MTN’s decision to have a share placement at the same time as its new black economic empowerment (BEE) scheme was just one of several reasons the BEE scheme flopped.
MTN’s empowerment scheme failed to fly
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This was the view of a BEE fund manager on Tuesday, 29 November, after the cellphone group announced it had raised R2.3bn through the placement of 21-million shares. The money will be used to pay MTN Zakhele shareholders who are cashing in.
Although the placement volume was small, it was another factor contributing to the generally bearish sentiment around MTN and helped to explain why the new MTN Futhi scheme failed to raise the modest R2.5bn targeted.
BEE schemes are not meant to be free, but they are meant to be sufficiently attractive to ensure success. Even the recent ridiculously overpriced DisChem initial public offering was seven times oversubscribed. The take-up of the MTN Futhi offer fell R500m short of its R2.5bn target – a 20% shortfall.
Analyst Riaz Gardee described the latest MTN BEE scheme as far less promising than the group’s previous initiatives. “Investors will have to consider MTN’s prospects over the next eight years as well as the ability of the management team to deliver in the current phase of the company’s life cycle,” said Gardee, alluding to the much tougher operating environment.
The scheme was rushed, it was unnecessarily complicated and it was badly priced, said the fund manager. The dismal results of the scheme represent an appropriately awful end to a truly annus horribilis for a cellphone company that for so long could do nothing wrong.
But in 2016, MTN continued to battle to persuade the Nigerian government not to impose a staggering $3.9bn fine for issuing unregistered SIM cards. And it was a year in which it struggled to appoint executives capable of rescuing its reputation from the selfinflicted damage in Nigeria.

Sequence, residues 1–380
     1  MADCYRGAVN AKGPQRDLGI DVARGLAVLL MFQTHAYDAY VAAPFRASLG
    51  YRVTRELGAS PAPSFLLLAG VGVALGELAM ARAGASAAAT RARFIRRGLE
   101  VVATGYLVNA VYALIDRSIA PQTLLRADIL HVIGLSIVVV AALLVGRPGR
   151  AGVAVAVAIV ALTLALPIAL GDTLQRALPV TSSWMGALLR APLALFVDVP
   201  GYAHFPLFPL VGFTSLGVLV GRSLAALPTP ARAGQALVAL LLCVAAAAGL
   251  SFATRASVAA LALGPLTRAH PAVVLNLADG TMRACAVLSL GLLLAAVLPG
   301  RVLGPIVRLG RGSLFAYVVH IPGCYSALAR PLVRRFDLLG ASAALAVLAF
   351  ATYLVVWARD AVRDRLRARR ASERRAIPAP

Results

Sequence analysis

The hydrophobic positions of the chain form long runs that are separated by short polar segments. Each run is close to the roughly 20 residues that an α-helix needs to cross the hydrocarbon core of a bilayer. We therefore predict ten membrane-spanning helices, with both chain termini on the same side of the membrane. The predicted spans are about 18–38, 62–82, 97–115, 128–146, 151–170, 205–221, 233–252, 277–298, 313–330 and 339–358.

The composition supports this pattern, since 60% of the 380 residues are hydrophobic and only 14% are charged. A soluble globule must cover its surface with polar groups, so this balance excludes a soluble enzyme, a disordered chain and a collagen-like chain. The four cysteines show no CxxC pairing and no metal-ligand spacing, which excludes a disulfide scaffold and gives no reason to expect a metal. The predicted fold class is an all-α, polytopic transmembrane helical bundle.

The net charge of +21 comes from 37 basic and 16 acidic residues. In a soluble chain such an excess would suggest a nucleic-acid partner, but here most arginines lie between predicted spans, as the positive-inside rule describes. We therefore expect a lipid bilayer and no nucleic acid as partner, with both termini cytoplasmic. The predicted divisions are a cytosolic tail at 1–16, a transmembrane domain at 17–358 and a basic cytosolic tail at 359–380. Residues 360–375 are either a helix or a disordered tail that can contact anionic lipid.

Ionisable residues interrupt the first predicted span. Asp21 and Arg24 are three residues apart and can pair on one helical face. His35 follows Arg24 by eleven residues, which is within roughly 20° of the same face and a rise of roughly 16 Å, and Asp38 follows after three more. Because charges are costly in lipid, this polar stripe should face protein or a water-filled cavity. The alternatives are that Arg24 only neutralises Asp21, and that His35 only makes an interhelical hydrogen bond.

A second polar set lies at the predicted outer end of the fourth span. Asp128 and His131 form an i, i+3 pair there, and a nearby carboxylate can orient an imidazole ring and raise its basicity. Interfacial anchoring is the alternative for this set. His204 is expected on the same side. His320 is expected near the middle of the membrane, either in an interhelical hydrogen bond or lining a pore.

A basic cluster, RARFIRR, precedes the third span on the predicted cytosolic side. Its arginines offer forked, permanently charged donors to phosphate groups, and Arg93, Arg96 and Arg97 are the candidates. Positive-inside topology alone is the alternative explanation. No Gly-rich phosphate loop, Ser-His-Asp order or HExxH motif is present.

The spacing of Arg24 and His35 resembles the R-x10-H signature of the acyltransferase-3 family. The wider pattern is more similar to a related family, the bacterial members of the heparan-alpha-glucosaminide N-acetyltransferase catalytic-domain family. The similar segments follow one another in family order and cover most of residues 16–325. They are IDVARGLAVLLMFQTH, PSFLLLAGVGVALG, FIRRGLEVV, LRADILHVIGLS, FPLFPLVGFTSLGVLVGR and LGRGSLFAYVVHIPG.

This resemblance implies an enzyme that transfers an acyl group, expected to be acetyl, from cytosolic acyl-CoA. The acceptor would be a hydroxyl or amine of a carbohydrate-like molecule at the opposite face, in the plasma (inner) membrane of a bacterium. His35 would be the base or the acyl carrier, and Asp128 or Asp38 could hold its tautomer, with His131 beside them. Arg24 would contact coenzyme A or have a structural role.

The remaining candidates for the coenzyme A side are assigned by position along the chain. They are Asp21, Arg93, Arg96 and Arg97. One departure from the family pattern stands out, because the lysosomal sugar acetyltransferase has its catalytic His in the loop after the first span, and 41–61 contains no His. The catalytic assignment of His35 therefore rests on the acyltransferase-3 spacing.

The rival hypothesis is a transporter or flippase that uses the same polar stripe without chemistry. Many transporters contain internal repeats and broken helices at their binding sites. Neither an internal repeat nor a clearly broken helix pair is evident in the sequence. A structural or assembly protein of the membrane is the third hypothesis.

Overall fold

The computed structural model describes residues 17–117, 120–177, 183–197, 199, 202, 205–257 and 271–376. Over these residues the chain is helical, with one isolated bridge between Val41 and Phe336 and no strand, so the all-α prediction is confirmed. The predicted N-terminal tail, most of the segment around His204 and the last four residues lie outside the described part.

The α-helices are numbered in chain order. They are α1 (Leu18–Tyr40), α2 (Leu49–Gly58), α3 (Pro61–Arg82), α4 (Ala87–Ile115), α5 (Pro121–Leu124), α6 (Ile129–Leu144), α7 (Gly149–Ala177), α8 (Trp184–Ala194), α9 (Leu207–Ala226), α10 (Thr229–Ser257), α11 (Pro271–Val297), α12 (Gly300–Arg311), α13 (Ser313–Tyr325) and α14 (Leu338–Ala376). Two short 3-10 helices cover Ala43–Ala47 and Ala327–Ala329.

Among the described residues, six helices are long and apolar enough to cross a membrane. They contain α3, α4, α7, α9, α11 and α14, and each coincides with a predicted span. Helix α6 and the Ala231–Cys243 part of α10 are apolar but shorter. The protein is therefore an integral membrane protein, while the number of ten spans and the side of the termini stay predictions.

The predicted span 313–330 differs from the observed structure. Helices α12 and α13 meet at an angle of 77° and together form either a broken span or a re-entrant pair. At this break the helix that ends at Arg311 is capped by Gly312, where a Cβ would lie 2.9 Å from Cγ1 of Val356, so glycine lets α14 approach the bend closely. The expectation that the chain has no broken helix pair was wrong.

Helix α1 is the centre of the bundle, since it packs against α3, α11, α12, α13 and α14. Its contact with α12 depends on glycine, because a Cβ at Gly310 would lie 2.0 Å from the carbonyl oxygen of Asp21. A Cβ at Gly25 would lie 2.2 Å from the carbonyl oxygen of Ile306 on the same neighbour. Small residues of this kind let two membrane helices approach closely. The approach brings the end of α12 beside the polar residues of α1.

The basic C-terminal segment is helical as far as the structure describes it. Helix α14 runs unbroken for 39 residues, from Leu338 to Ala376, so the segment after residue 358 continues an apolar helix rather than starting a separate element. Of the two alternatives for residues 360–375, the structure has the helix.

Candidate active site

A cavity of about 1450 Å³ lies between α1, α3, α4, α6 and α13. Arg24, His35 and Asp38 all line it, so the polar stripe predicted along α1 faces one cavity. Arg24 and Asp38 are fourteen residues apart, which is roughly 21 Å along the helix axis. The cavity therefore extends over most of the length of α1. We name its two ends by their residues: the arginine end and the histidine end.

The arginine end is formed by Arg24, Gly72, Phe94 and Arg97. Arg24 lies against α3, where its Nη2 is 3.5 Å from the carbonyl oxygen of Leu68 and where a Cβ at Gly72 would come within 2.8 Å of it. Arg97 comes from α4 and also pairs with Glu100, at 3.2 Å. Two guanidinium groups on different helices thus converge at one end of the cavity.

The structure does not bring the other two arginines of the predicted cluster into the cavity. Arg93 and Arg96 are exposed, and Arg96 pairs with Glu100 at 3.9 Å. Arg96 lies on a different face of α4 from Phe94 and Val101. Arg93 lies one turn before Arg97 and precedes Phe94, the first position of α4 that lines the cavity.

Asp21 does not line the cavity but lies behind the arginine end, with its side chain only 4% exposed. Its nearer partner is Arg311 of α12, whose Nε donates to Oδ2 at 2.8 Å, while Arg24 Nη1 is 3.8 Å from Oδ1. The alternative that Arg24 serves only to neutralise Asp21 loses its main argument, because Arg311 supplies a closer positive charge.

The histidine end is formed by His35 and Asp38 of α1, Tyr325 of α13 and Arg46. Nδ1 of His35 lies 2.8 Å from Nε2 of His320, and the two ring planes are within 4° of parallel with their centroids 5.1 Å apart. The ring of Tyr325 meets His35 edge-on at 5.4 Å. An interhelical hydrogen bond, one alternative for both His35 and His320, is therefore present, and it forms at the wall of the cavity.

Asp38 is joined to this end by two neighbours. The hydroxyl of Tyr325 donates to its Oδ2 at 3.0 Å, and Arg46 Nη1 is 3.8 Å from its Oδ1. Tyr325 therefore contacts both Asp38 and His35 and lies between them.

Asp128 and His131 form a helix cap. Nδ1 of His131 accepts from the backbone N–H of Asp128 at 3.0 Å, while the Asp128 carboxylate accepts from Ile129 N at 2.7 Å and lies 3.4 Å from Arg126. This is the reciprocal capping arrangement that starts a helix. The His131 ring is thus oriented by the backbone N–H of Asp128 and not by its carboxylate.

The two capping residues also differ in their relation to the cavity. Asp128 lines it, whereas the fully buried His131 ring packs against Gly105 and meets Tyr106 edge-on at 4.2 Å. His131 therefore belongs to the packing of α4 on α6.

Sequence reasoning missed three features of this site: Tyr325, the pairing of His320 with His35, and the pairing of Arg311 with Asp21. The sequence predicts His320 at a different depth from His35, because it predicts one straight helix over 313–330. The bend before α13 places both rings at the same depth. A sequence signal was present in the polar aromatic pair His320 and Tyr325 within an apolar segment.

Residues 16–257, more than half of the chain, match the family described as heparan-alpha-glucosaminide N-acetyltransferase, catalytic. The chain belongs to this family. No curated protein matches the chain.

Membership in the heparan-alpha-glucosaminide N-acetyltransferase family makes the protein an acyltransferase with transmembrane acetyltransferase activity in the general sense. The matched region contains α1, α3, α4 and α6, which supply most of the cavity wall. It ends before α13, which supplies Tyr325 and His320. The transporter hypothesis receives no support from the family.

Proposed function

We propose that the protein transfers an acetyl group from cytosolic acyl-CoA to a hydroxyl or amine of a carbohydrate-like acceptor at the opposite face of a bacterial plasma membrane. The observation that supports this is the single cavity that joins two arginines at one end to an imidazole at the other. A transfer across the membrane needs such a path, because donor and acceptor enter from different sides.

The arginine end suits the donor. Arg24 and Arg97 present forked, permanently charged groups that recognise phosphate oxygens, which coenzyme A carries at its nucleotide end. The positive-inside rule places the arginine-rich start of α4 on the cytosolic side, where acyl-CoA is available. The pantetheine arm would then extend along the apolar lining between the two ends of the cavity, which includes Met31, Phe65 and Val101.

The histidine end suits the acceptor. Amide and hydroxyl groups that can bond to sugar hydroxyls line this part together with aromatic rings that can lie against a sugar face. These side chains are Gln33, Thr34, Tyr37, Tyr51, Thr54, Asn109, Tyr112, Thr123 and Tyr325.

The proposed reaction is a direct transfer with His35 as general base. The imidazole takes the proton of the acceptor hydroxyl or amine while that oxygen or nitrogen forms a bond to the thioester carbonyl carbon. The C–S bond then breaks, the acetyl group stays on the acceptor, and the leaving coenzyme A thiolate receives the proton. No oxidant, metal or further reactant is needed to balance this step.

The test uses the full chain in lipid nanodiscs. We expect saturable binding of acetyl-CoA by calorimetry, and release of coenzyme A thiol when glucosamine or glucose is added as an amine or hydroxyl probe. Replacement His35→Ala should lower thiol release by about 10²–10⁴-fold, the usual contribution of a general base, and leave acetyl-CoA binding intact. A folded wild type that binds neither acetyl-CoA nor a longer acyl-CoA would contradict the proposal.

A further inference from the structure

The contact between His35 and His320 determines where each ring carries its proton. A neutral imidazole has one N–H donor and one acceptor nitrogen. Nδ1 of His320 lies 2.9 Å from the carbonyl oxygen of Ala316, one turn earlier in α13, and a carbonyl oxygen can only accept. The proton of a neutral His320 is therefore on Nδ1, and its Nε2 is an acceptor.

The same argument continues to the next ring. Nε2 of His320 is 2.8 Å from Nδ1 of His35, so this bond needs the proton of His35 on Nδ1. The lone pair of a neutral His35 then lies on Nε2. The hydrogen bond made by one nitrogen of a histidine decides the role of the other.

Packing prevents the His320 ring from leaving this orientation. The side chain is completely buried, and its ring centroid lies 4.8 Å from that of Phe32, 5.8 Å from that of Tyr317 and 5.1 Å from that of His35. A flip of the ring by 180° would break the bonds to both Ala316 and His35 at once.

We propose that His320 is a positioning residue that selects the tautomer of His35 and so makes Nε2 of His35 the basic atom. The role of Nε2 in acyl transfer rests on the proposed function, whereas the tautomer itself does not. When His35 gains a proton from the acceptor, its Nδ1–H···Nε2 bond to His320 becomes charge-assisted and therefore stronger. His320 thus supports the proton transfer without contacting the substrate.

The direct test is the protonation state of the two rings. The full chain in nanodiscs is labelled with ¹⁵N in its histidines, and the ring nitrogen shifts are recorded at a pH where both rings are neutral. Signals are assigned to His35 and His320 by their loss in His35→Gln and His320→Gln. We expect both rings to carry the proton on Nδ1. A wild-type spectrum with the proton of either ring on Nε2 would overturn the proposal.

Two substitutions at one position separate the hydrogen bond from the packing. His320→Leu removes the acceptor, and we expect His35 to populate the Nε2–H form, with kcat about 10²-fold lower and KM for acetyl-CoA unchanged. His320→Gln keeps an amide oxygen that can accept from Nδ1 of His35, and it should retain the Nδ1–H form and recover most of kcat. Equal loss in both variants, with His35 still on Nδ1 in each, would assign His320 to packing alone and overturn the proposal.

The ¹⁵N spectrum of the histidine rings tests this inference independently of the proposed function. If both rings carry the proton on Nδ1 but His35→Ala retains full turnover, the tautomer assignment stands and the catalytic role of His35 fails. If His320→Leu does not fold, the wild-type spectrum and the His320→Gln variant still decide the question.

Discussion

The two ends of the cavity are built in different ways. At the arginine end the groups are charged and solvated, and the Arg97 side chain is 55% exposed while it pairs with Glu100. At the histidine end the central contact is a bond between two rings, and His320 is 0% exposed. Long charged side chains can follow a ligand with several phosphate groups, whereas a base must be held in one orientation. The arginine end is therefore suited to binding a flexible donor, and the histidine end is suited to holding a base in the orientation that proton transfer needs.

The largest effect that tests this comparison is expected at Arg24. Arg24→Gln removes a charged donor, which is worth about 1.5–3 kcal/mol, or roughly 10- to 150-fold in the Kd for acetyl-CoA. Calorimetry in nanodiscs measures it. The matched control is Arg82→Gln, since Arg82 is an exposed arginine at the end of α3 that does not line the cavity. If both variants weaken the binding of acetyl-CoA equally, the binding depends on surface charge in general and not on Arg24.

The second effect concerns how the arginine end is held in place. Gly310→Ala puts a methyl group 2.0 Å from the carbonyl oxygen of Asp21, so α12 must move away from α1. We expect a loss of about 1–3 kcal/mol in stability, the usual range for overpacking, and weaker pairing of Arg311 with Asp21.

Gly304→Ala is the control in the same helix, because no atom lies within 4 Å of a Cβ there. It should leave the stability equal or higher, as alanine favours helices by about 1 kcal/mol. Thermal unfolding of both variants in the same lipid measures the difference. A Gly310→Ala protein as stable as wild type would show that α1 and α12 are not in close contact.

Share price volatility throughout the year marked it as an inappropriate time to launch a new BEE scheme. That the MTN board did not opt to roll over the existing MTN Zakhele scheme for an extra year or two was probably the first mistake. At the planning stage, the MTN share price was at about R130; the board may have felt it was worth the risk and that there was no need to set a fixed price. But by the time the offer closed, the share had worked its way down to R112. For MTN Zakhele shareholders who had invested R20 back in 2010, the R112 at which they were going to be bought looked grimly disappointing.
By the end of 2014 MTN was trading at R250. For aspiring MTN Futhi shareholders, the group’s grim recent history did little to encourage an investment that will be locked for eight long years. Those who could afford to and were prepared to convert from MTN Zakhele into MTN Futhi were faced with a dauntingly complicated process.
“It was a nightmare for us and we’re reasonably sophisticated,” said the fund manager. “The lawyers were allowed to run rampant and the resulting documentation must have discouraged a lot of potential applicants.”
It may be the MTN board is still too focused on its Nigerian troubles to give its South African transformation requirements the necessary attention. MTN did not respond to requests for comment on the MTN Futhi take-up.